Again, the Earth was already pretty geologically active prior to this impact, but definitely way moreso afterwards.Ben wrote:
I'd like to know more here. How exactly was Earth "more geologically active" after Theia collided and merged?Oh, I just mean that the crust probably cooled and solidified sometime between when it formed 4.6 billion years ago, and the impact 3.9 billion years ago. Just from a pure energy calculation, you can guess it almost certainly remelted after the impact.
It's even quite possible that primitive life could've arisen in that 700 million year window (since it only took a couple hundred million years after the impact to do so), but would certainly have been obliterated once there was nothing but hot lava to stand on.
Whoa, super fast-forward! We just skipped *most* of the history of Earth. The Giant impact happened about 3.9 billion years ago...Pangaea formed only 250 million years ago.Ben then asked:
Anything interesting happen during those 3.9 billion years there?Well, the whole Precambrian era was not the most exciting time-period, kinda like how in a Western Civ class they'll skip straight from "End of the Roman Empire" to "The Renaissance".
Mostly it was just a bunch of blue-green algae floating around the primitive oceans (think: primordial goo), spending a couple billion years turning the CO2-rich atmosphere into the oxygen-rich atmosphere we enjoy today. In fact, that was a prerequisite for multi-cellular life to arise.
One event that is notable, though, is the Cryogenian period, some 800 million years ago. This is still a subject of heavy debate, but it looks probable that for some time the entire Earth was completely covered in glaciers, leading to the term "Snowball Earth". There's definitely evidence based on banded iron deposits that the ocean was completely sealed off from the atmosphere...the most probable explanation is that a global ice sheet separated the two.
Imagine you put small plates of styrofoam on top of some boiling water...at certain times they'll all lump together as they're pushed by the convective flow. As they drift around as a single mass, they might pass over a convective plume...when this happens, they'll get pushed apart again, and the cycle repeats.Ben asked:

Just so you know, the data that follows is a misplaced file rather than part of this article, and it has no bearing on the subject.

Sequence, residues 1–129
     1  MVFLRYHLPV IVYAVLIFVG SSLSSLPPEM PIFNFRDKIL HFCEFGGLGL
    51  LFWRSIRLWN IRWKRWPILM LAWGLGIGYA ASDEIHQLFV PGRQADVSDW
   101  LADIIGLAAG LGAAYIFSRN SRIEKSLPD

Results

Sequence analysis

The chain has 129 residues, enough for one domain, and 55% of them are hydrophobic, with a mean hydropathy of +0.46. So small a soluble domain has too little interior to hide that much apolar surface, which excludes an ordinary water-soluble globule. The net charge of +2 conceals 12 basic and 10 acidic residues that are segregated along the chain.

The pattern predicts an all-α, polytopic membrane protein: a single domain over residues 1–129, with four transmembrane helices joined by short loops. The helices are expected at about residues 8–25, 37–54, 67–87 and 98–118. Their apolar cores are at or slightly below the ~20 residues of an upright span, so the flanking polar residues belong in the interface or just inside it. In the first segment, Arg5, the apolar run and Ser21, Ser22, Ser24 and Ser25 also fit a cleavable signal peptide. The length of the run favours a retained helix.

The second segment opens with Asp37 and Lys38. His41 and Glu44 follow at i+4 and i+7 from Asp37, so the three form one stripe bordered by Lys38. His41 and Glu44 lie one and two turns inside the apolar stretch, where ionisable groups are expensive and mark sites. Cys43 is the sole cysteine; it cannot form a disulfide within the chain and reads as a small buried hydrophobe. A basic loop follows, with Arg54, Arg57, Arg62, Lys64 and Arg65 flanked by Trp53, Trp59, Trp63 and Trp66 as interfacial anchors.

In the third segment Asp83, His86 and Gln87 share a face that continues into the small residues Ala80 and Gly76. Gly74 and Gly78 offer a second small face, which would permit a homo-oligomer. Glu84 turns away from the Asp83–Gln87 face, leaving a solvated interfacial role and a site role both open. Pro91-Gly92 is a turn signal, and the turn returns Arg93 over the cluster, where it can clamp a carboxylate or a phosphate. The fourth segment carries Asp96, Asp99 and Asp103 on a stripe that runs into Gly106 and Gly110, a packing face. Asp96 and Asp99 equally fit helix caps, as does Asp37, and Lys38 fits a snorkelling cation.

Wow, that is an *awesome* explanation.Well, first let's understand how convection in normal fluids works.
But why is it so slow? I mean, is the molten magma convection really
so slow as to take *millions* of years to travel? And if it's
happening at such an insanely slow speed, is it really the same
convection-phenomenon we see in boiling water? The same differential
Imagine we have a "parcel" of air at sea level and at the ambient temperature there. Due to some random perturbation, it rises slightly. Now, the atmospheric pressure at that greater height is less, so our parcel will expand and cool in the process.
Since it's colder, we'd expect it to fall back to the surface...but remember that temperature decreases with height, too. So, we ask the question, "Is our cooled parcel of air still warmer than the surrounding air?"
The answer ends up depending sensitively on the temperature gradient with height. If the gradient is steep - i.e. temperature drops quickly with height - then our parcel will be warmer than the surrounding medium. This means it's buoyant, and continues rising...so convection sets in. In the gradient is shallow - i.e. temperature drops slowly with height - then our parcel is colder than the surrounding medium and just falls back to its original position and our atmosphere is stably stratified.
It turns out that the critical threshold gradient separating the two answers, known as the "adiabatic lapse rate", goes as:
dT/dz = -g/Cpwhere T is the temperature, z is height, g is gravitational acceleration, and Cp is the specific heat. In plain English, that means to maintain convection you have to have a big enough temperature difference between hot-at-the-bottom and cold-at-the-top, modulated by the local gravity and how much heat the convective medium can hold.
So to get back to your question, yes, this differential equation governs convection *everywhere*...in your lava lamp, in the water on the stove, in the atmosphere, and even in the magma in the mantle.
Now, I've been a little disingenuous in describing the mantle as a molten liquid. Technically, it's what's known as a "rheid". For short term-phenomena, a rheid can pretty much be thought of as a solid...it will even permit transverse seismic S-waves to pass through it (a wave mode that will not pass through liquid). Over the long-term, though, it will flow as an extremely viscous, plastic material when put under strain. We're talking *really, really* viscous here...if water has a viscosity of 1 and honey has a viscosity of a few thousand, rheids in the mantle are on the order of a few billion.
It's this viscosity that slows the process down. Think of it like this: if you drop a rock in air, it'll fall much faster than a rock dropping through water, which will fall much faster than a rock dropping through yogurt. Gravity is still acting the same way in all three cases, but the damping term increases in each case. Similarly, the buoyant acceleration of convection is still just as strong for magma as it is for any other convective process...but the extreme viscosity acts as such a strong damping term that the terminal velocity is very, very slow. A single convective overturn in the mantle is on the order of a million years.